Miles Klee
Human Parts
Published in
4 min readJul 10, 2013


Let’s begin with the single representation of life that has ever made any sense.

As a young teenager, I traveled with my class on a trip to Washington, D.C. It was a three-day survey of the capital in spring, monuments and the cherry blossoms. I skinned my shin on the steep steps of the Jefferson Memorial — the shin I was always skinning. But from this journey I principally recall three events. Two are truly memorable. The third is in most ways forgettable, and occupies the highest place in my mind.

The first memory concerns a boy who saw this trip as a chance to hone his shoplifting technique; he was busted, at last, in a luggage store, sent sniffling home to New Jersey by train with a gentle chaperone. He was, he would often claim, stealing a backpack to carry everything else he had stolen. This strikes me as meaningful and also not at all.

The second memory is ritual, if emphatic, juvenilia: four of us in a cheap hotel room stayed up late one night to see Denise Richards expose her breasts in Wild Things on HBO. Next day, on the bus, each boy went out of his way to confirm he had not missed this bonanza. None could have hoped to tell you what that film is actually about.

It’s the third memory, somehow — the unremarkable one — that persists as a critical clue to existence, or the shape of the universe, or something yet more profound: I was in the gift shop of the Smithsonian National Air and Space Museum, pawing through utterly non-educational toys, wondering which I could afford. The shoplifter passed by, wearing a shoplifted T-shirt, and showed me a pencil case he’d pinched. Why did he want a pencil case? Better not to ask, I thought and still do think. He left me at last, and I came to a wide display, shelves of some bright item I’d not encountered before.

I picked one up: a cylindrical tube of soft clear plastic, heavy with blue gelatinous water, which gave it a plump form. Flecks of silver glitter sparked and tossed in tropical blueness. The real attraction was of a higher significance — a sly, topological sort. When you tried to squeeze the tube in your fist, you forced it inside out. The interior of the tube was pushed through one end to become the exterior, the exterior plunging back into the interior, et cetera, for as long the toy remained intact. The harder you tried to grip it, the less it obeyed your grasp, often squirming completely free.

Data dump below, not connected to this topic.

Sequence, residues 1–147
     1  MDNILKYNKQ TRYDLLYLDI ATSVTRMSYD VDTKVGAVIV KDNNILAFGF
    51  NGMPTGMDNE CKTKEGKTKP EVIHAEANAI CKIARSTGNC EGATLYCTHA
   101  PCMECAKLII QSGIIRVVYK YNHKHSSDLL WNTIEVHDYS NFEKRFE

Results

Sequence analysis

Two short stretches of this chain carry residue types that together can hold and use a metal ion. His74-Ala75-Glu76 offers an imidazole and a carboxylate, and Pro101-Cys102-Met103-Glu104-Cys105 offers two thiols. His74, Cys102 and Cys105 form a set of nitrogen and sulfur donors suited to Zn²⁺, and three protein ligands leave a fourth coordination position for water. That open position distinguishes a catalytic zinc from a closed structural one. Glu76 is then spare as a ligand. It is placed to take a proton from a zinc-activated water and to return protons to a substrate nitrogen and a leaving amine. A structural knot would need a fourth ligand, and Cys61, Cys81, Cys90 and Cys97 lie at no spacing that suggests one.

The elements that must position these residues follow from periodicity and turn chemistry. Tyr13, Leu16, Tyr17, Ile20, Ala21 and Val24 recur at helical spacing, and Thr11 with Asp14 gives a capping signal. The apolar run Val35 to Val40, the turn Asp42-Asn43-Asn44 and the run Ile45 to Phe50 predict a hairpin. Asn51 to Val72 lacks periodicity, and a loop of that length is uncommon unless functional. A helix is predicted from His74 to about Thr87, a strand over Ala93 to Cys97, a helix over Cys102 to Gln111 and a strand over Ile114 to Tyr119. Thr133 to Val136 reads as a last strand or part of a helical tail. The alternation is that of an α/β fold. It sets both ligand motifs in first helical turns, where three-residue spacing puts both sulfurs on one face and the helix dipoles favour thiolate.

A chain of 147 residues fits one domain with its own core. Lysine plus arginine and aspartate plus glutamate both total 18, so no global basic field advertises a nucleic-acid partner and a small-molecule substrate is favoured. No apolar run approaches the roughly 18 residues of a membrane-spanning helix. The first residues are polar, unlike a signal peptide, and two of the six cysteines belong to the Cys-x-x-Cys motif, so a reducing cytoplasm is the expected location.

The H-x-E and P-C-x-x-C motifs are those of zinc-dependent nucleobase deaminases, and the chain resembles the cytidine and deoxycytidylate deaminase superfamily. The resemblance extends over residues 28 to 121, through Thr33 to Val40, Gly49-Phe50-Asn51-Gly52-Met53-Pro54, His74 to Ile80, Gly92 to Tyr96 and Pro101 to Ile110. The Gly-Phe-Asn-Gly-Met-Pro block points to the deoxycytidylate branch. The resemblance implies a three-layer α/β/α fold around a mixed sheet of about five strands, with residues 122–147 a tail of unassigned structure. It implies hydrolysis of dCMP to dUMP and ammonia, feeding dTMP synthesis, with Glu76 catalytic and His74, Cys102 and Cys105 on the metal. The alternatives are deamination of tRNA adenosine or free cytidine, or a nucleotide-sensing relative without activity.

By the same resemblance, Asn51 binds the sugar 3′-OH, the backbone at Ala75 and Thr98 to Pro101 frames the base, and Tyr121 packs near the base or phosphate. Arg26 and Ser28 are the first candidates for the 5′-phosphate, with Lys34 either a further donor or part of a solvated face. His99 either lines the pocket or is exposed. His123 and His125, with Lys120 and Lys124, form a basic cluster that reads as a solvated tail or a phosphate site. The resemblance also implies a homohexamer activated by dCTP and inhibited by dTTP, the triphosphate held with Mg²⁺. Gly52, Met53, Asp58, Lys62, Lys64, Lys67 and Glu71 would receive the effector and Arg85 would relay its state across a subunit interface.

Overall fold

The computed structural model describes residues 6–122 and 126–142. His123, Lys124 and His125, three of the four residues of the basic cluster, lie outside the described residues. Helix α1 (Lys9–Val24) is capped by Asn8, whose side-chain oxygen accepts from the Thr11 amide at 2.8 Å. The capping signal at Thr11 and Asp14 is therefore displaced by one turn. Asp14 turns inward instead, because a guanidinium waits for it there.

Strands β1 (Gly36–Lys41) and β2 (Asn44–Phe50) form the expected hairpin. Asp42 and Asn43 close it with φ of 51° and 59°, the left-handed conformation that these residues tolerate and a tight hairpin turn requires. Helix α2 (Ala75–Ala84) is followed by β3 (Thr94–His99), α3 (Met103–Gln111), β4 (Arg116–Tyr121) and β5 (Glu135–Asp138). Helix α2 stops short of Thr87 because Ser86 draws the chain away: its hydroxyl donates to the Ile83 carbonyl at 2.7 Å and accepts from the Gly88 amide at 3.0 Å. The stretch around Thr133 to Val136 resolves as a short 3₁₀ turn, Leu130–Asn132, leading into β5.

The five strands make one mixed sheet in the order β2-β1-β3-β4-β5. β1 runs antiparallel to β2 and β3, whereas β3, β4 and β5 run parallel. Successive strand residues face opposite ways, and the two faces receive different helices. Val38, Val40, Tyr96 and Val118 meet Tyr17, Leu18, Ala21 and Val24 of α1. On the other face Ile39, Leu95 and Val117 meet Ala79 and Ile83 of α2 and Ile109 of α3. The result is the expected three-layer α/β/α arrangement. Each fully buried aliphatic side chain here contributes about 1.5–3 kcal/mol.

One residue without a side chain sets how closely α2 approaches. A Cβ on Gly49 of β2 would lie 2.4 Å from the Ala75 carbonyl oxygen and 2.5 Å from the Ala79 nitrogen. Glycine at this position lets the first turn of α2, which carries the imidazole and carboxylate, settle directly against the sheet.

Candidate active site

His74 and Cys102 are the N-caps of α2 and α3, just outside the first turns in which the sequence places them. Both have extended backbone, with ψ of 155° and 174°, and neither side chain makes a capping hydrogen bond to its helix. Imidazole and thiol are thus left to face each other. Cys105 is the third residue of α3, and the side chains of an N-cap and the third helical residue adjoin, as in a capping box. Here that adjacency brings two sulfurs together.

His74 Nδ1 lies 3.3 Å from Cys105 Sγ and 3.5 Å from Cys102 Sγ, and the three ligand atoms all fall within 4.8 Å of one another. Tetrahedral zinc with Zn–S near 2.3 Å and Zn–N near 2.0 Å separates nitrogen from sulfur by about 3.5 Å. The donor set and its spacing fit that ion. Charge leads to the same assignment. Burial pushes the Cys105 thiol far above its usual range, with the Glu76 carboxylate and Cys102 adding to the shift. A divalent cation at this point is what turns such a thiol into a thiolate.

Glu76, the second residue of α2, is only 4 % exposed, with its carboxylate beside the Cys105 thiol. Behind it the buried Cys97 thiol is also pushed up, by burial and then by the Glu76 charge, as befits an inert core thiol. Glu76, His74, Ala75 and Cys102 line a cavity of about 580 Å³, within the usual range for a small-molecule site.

Research would term this thing — until today it’s been the thing — a “Water Wiggler” or “Water Snake” or “Squeeze Water.” Common enough, they sometimes contain fake fish or other tidbits. To my class, anyway, they were a novelty, and soon most of us were playing with one, there in the gift shop, silent a while, each exploring the exact nature of human fine motor skills, how fingers could manipulate this wholly foreign object.

The kid who bought one dropped it in the dirt outside, which dusted the sweaty surface and ruined forever the odd sensation of touching this riddle of a toy. Just as well. Experience was confined to itself. Couldn’t have happened in any other place, at any other moment, for any other reason. The thing, I later intuited, was life itself: if you tried to hold on, you found yourself holding something entirely changed. Or nothing.

Recently I found myself dissatisfied by the dictionary. It was over the word “afterthought,” casually denigrated as a realization — a clarification — that comes too late, does too little. L’esprit de l’escalier, to put a finer point on it: a thought you should have thought of sooner. Can we think of thoughts, or can we only think them?

It’s confusing, and the prescriptivists aren’t helping. I carry my own definition.

For me the afterthought, if it even exists, and it probably doesn’t, is this: the thought you were not ready to have. A latent cognition preserved until you can take it apart and put it back together. “Of course,” I tell myself, again remembering the Water Wiggler. “The Water Wiggler explains my life; I just hadn’t lived enough to see that.”

We strangely suffer the instinct to hold on regardless, to keep the shape of this pocket of space-time pure in the neural thicket of nostalgia. In case we wish to read it later. Maybe it’s not pure. Maybe it wasn’t the Smithsonian. A few details are beyond editing: the shoplifter’s yellow-and-red pencil case; the squishy toy in my hands; the toy when it had fallen in the dirt and no one wanted it anymore. Who would want such a thing.

My wife has her own memory like this. She was fond of puzzle books but happened once to glimpse a page from an answer key. The answer she saw was “camel,” alongside an illustration. She decided to save this puzzle until she’d forgotten about the camel, but naturally this was impossible — twenty years on, she remembers a camel. The answer is camel. In the back of the book of life are some answers, and one of them is: camel.